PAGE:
Facebook uses it for some open source projects: https://reviews.facebook.net/

>a more mature alternative

Both were first released in 2011.

I assume Phabricator was in development way before that inside Facebook but I'm not sure.

I've been using GitLab before, and use it from time-to-time still, but I've moved over to a self-hosted Gogs[0] server with Drone CI[1]. Both projects are actively maintained and both runs super well in Docker. Gogs is almost an identical clone of GitHub, although some small parts are missing but will most definitely be added in an upcoming version.

Gogs is a lot more lightweight and faster than GitLab is. Our previous GitLab instance (7.X version range) used over 1.7GB of RAM (roughly 15 repos with 3 users) and always took longer than 1 second to serve a request (commit browsing was really bad, >5 seconds to serve such a request) while our Gogs installation uses 15MB and always serve requests sub-second. Both ran on the same hardware, with RAID10 SSDs. Definitely worth checking out if you want a self-hosted, lightweight & performant Git remote solution.

Drone officially supports Gogs as well, so that's nice.

[0] https://github.com/gogits/gogs/

[1] https://github.com/drone/drone

Just wanted to add that we're working hard to bring down the request time in GitLab 8.x. We're not there yet but already optimized a lot of SQL queries and this release added support for better comment caching to prevent markdown parsing. Edit: we had to revert the comment caching at the last minute due to a bug but we're working on that, many other improvements and performance monitoring with InFluxDB and Grafana

I can definitely confirm that somewhere around the 8.0 release (I forgot when exactly) GitLab got a lot faster in general. Previously with the 7.x line it took about a couple seconds at least to load a page but now I barely get over a second until "onload", with response times of about 400ms.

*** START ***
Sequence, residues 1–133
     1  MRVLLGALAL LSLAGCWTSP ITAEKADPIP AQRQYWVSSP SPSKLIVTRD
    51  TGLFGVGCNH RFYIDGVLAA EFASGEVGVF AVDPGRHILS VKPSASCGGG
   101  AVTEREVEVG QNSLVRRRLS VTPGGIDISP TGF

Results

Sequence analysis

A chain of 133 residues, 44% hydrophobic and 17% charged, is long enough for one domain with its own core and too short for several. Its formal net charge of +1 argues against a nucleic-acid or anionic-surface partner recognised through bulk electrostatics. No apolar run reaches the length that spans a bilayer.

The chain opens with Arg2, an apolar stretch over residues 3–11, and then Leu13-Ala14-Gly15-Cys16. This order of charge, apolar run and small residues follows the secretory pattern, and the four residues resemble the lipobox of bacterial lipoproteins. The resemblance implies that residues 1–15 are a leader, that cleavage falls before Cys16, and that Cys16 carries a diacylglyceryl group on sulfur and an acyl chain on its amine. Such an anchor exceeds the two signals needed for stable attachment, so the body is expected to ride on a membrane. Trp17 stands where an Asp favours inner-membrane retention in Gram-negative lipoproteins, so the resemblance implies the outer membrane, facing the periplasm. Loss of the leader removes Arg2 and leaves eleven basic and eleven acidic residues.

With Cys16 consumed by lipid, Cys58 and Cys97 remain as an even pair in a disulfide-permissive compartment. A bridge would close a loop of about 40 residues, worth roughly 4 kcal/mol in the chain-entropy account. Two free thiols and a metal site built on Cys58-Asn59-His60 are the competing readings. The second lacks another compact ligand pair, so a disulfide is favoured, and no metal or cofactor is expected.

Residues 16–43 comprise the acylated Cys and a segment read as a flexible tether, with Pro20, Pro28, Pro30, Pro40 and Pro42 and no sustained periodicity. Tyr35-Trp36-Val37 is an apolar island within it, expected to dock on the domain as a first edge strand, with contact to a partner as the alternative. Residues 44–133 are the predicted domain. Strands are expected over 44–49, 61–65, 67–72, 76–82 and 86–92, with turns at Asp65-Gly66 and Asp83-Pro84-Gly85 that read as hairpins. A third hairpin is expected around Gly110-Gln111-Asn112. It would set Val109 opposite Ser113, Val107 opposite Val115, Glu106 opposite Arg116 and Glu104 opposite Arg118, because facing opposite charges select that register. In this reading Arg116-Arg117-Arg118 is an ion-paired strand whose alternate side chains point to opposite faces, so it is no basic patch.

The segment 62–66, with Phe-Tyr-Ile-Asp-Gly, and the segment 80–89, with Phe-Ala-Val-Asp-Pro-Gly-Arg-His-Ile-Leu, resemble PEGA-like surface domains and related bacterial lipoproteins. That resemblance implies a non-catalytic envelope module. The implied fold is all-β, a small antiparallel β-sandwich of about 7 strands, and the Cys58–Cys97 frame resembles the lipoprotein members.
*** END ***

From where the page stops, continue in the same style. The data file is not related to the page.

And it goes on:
In general I wouldn't consider performance with GitLab an issue and denote it as a selling point for Gogs anymore - it would just be nice if it no longer felt like a Ruby on Rails website...

A optimized site of mine with similiar complexity and database setup has a response time of 16ms and an "onload" event after about 400ms (using PHP-FPM 7 & MariaDB). ;)

Glad to hear performance got better in 8.x. What can we improve to make it feel better?

Less memory usage.. I went from gitlab to gogs because of that.. 2gb usage while idle..

Thanks, we're working towards a multithreaded application server to reduce memory usage https://gitlab.com/gitlab-org/gitlab-ce/issues/3592

Same here. Switching to Gogs saved several GB of memory, and it's much faster.

I'm a huge fan of Gitlab and use it at my workplace, but haven't upgraded to even 8.0 to try the continuous integration (CI) feature. Wikipedia makes it look pretty comparable on features to more mature CI system like Jenkins but can anybody here say how the current CI in Gitlab 8.x really compares?

[We're running a Gitlab instance and one CI instance with multiple CI runners in the Google Cloud.]

Gitlab CI is great if you don't need dynamically provisioned build slaves, for which I found no integrated support. In general, Gitlab CI is much more straightforward and easy to use than Jenkins.

Jenkins wins when it comes to stuff like build artifacts (getting these out of Jenkins is easy peasy (just wget them and provide basic HTTP auth if needed), but with GitLab I have not yet found a way to automatically download say the latest build results), credentials management and other "more enterprisey" features.

Jenkins is easy to install on Debian-based systems; I have no real experience in setting up Gitlab other than via the official Docker images, which is nearly as easy as typing `apt-get install jenkins`. Setting up CI runners/instances is easy as well (apt-get install + one or two calls to gitlab-multi-runner).

Overall I'm pretty happy with Gitlab CI. Especially the fact that every developer in our company can take advantage of automated builds by just enabling CI support and putting a .gitlab-ci.yml in the repository is great. Over are the days were admins had to manage Jenkins jobs.

Getting artifacts into gitlab CI is pretty straightforward.

But programatically pulling artifacts from gitlab CI does not seem to have a well-documented approach.

I sometimes have a similar issue with Travis CI, if I can't use one of their built in integrations or something. A simple workaround is to just upload an artifact to S3 after a successful build. Then on another system scan the bucket with a cron or listen for an S3 event notification for further processing. You can put a lifecycle policy on the bucket so it cleans up after a while too.